In a move that might prove extremely useful to federal prisoners, the Federal Bureau of Prisons has published a solicitation notice for “inmate electronic discovery,” or “eDiscovery,” seeking information relating to support services, hardware, and software that would allow prisoners to view electronic discovery documents used in court litigation.
The formal Request for Information issued by the Federal Bureau of Prisons’ Information Technology Planning and Development Branch specified that the project is merely in the planning stage and that no formal bids would be accepted yet.
Currently, BOP inmates have access to a LexisNexis legal database that includes court decisions, BOP regulatory documents, and several treatises. The “TRULINCS Electronic Law Library” is a stand-alone system with no connection to the Internet or court databases (i.e., PACER, the federal court’s public access system). As such, in most cases, when a BOP inmate is involved in criminal or civil court litigation, only paper case-related documents are available to them.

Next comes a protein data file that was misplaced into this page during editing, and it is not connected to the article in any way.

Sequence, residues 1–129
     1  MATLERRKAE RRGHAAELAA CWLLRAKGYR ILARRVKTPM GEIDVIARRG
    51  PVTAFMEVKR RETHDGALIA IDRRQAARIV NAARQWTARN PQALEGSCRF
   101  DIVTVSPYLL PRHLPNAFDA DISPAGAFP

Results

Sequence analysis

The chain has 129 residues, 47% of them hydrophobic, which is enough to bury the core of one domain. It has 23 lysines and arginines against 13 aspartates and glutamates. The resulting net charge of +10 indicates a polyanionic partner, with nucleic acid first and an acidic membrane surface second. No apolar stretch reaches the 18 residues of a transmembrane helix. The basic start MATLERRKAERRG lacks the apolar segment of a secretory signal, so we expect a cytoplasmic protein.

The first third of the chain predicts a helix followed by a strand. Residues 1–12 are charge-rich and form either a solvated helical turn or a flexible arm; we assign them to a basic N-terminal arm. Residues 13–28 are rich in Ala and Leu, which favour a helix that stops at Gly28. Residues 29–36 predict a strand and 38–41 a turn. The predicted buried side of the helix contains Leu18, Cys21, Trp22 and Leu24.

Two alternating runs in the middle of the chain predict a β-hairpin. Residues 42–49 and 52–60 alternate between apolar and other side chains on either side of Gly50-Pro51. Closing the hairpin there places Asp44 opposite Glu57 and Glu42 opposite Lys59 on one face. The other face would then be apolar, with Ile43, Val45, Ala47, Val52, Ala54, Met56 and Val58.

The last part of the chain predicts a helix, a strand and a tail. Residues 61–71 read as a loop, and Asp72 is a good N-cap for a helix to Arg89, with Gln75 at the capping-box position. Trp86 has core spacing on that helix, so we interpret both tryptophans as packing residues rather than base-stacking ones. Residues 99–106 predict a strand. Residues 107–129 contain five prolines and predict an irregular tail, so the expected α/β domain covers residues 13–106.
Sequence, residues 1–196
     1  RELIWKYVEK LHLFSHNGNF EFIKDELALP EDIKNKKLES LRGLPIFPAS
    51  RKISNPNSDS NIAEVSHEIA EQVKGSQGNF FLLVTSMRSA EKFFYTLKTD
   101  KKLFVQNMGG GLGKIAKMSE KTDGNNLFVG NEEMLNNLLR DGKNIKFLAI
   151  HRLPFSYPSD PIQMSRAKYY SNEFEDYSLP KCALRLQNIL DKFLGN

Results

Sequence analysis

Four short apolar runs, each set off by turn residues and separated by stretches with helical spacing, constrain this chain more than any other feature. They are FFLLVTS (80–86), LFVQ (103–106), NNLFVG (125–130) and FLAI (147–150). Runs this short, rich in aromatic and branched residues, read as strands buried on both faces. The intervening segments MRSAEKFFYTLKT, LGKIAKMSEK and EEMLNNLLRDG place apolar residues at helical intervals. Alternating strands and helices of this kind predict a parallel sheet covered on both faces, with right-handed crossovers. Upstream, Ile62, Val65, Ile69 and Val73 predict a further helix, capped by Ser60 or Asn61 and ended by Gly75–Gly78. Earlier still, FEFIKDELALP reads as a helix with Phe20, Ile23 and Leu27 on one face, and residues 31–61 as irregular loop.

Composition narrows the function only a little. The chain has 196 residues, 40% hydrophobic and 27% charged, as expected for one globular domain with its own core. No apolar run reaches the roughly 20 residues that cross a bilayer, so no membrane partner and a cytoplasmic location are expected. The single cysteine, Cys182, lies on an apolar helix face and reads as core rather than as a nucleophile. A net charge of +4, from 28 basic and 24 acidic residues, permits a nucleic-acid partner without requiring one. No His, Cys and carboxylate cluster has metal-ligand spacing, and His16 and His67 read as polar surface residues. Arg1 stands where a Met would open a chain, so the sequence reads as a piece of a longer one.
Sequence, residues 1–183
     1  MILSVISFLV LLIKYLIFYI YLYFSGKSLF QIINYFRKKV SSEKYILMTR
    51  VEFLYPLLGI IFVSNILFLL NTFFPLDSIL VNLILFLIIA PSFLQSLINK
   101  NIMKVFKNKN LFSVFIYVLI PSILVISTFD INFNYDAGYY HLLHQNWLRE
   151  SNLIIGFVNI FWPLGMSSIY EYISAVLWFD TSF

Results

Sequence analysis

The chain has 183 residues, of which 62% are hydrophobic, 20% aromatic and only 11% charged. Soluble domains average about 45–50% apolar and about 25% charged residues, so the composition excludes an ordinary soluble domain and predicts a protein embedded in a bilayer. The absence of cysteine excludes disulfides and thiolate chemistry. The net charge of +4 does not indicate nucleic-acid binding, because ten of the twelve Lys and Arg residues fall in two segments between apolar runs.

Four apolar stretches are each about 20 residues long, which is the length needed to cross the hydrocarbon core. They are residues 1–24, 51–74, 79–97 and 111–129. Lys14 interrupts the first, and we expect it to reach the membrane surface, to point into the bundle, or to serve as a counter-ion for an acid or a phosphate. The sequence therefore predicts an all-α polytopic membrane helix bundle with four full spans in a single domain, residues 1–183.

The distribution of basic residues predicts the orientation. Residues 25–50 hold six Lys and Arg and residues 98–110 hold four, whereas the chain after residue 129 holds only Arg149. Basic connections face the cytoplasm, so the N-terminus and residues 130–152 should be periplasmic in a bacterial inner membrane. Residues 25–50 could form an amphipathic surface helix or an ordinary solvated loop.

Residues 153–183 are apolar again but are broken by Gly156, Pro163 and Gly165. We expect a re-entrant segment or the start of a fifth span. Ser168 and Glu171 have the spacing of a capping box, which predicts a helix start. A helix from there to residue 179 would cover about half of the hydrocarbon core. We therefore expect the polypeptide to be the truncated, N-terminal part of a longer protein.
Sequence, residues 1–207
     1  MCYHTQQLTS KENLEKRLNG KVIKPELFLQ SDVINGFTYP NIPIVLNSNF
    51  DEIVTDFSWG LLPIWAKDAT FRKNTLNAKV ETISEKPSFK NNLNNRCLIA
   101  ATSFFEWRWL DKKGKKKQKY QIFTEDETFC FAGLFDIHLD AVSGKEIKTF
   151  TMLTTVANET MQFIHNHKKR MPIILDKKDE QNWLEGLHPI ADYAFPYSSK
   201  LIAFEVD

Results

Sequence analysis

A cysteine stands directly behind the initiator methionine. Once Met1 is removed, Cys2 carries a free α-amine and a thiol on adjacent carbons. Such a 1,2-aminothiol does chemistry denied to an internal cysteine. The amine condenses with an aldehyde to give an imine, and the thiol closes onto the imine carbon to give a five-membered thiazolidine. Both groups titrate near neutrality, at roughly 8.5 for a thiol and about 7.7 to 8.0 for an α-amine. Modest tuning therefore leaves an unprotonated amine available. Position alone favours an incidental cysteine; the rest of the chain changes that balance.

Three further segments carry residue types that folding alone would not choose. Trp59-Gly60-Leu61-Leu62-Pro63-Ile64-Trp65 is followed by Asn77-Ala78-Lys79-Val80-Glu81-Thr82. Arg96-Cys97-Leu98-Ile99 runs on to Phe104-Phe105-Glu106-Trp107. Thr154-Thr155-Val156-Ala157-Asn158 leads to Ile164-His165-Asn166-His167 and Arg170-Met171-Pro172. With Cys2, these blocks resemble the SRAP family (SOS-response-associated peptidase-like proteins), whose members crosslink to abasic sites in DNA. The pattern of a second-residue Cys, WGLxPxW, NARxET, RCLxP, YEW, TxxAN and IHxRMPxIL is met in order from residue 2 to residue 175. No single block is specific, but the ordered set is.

Allowing inmates to access systems like PACER through a secure network like TRULINCS would not only permit inmates better access to the courts but would also have several other benefits, such as eliminating the substantial expense of requiring government agencies and other litigants to serve inmates with discovery documents and other media in paper form (with the related mailing costs). Such a system would also improve security, fewer inventory concerns, and reduce expenses for the BOP.
To learn more about this developing story, read FCW’s article “Bureau of Prisons mulls eDiscovery computers for inmates” or “Request for Information.”
Published Jul 22, 2014 by Christopher Zoukis, JD, MBA | Last Updated by Christopher Zoukis, JD, MBA on Jul 30, 2023 at 6:40 pm